22.7.11

Book Club Friday: Little Bee



It's Friday! Time for Book Club!




Up this week (after a brief hiatus last week)

*points below*



Writing a review for this GEM of a novel will require a mix of stealth references and lots of writing about how the book makes me feel. Why? Because that’s the way that the author, Chris Cleave, wants it.


I’m a good girl, so I’ll play along.


This book is one of the best I’ve read in a while. While it isn’t funny and doesn’t have any romance, it managed to hook me within the first few pages. The book has no cover descriptions, so I didn’t know what to expect. Whoever made that decision was a freaking genius, though, because I would NEVER have picked it up had I known the subject matter.


Although that sounds ominous and scary, let me tell you one thing first:


You need to read this book because Chris Cleave’s writing is bananas.


B-A-N-A-N-A-S


I felt connections to each and every one of the characters; even the ones who are BLATANTLY WRONG in their actions. It’s kind of like winter garden, where there’s a surprise history/world injustice lesson, but it’s a lesson that (in my opinion) didn’t get nearly enough global attention. The bravery of two of the key three characters is nothing short of super-hero-ish. They’re the kind of characters you wish you could meet in real life and applaud. The best part is: they probably do exist, somewhere.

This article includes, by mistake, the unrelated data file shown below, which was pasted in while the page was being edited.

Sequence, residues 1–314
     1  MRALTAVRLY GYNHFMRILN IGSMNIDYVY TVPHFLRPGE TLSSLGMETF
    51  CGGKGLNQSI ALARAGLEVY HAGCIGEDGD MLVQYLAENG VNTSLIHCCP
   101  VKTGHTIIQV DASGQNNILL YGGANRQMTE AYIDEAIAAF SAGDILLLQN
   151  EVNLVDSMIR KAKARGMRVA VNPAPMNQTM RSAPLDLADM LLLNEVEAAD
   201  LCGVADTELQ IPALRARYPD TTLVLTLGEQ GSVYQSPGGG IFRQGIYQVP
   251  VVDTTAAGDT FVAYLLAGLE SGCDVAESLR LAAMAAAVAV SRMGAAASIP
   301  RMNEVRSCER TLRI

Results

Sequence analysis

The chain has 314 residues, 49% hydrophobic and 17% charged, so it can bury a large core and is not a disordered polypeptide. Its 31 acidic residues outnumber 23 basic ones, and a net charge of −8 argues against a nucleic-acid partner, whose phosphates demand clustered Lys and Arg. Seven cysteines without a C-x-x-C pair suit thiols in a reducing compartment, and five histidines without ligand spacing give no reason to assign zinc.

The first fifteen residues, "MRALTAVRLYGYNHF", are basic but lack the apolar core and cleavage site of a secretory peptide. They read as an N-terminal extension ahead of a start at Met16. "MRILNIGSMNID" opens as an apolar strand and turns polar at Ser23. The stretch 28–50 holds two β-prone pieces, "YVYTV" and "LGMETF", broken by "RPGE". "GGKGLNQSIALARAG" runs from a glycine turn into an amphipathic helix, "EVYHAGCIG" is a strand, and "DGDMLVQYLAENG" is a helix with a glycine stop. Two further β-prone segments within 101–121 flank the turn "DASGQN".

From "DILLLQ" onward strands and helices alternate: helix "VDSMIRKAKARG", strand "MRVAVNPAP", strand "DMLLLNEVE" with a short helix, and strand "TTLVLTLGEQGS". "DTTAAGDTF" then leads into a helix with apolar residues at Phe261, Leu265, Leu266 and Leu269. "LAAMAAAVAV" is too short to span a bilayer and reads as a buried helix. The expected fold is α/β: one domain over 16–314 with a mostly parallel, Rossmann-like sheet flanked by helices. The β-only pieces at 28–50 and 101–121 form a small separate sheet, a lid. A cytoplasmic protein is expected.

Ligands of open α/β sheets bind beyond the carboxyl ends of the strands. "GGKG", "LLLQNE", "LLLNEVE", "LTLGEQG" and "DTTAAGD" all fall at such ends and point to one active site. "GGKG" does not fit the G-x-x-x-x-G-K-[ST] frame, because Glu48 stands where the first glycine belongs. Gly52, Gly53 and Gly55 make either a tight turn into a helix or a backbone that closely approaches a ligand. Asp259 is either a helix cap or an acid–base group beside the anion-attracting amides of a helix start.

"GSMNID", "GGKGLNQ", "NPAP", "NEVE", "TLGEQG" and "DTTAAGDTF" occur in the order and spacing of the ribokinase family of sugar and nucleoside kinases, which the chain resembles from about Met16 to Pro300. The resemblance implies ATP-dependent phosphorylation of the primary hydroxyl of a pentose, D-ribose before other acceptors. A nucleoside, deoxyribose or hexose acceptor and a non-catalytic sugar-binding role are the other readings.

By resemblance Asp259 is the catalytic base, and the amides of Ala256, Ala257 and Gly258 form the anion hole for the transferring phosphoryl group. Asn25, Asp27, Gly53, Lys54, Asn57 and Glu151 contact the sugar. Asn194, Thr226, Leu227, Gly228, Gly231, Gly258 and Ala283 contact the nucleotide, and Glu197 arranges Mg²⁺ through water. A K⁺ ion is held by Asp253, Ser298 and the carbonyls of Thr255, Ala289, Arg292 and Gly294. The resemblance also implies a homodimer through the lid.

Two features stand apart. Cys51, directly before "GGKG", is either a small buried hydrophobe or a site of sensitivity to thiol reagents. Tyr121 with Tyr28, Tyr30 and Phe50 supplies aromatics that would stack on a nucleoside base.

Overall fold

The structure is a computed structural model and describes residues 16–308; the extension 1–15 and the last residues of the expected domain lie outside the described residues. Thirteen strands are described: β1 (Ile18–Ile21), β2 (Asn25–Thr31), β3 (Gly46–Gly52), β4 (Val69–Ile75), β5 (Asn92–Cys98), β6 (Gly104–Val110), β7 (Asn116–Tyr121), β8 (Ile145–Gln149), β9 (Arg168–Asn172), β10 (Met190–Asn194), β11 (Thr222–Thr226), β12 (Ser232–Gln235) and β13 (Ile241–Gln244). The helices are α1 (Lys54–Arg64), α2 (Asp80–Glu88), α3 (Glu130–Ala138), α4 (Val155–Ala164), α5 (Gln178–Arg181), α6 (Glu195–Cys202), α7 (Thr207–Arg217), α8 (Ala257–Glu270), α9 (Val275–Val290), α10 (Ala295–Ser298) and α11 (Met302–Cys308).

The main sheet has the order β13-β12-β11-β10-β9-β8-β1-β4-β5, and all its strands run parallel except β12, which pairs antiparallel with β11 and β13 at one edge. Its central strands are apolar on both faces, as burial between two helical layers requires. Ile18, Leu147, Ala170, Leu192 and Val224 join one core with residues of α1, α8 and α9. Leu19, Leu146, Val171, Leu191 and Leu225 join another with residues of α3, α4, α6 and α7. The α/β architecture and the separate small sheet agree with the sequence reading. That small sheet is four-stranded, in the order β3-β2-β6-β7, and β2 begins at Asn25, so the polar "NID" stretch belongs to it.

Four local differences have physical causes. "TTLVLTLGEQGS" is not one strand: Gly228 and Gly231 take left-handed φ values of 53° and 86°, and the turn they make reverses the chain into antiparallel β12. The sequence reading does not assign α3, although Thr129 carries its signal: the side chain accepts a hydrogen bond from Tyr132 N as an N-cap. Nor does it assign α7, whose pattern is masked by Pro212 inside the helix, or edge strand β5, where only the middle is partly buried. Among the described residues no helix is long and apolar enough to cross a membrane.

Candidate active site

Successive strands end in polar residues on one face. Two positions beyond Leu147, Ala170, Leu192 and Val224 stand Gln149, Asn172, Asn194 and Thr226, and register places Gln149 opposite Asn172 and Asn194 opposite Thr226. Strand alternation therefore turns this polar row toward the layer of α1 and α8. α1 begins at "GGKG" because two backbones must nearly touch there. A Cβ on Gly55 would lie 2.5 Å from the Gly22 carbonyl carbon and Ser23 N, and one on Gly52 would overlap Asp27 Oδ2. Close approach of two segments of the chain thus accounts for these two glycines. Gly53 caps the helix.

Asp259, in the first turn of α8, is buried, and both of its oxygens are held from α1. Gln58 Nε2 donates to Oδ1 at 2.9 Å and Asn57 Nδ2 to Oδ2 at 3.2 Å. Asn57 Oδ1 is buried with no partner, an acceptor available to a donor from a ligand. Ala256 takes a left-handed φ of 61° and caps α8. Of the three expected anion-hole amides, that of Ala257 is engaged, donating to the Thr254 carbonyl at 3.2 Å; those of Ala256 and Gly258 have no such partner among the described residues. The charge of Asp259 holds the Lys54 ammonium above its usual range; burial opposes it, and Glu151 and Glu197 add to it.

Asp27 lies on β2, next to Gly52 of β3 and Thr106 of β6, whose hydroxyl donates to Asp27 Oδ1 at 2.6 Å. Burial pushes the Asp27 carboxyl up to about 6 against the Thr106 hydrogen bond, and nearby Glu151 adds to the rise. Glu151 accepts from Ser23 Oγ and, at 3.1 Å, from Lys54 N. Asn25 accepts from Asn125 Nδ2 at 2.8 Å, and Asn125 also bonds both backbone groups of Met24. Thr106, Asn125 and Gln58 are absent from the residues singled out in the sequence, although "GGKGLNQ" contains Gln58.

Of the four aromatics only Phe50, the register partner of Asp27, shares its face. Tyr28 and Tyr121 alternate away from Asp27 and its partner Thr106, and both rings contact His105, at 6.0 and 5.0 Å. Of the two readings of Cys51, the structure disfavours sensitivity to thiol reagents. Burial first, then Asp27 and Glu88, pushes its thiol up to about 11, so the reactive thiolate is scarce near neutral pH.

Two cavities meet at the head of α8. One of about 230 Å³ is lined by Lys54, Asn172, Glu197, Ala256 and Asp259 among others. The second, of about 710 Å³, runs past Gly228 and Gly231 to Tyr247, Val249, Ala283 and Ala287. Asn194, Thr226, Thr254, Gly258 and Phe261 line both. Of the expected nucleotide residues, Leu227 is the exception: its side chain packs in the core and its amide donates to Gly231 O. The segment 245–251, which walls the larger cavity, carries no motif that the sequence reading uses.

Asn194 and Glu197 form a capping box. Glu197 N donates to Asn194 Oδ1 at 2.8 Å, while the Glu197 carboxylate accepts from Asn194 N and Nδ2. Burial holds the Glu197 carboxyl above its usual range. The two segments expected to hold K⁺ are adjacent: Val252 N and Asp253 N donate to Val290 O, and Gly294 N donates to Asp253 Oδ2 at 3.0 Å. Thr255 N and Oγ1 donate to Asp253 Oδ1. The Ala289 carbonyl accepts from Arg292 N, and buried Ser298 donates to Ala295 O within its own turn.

That’s why this book is awesome.


I cried.


Then I cried again.


Then I cried…well…some more.


But my tears were mostly the kind I don’t mind shedding, as they came from being overwhelmed with the human spirit. Yes, there was one particular scene, which was so awful that I had to put the book down and take a break for a few days (and although I can get quite preachy about certain acts of violence being used for entertainment purposes, it was necessary to the plot) but aside from that, it was a quick read.

So, pick up this book. Read it in the privacy of your own home. The last thing you want is some weirdo on public transit telling you which parts were their favourite. When you’re done, pass it on to someone else. This is a novel that’s meant to be shared.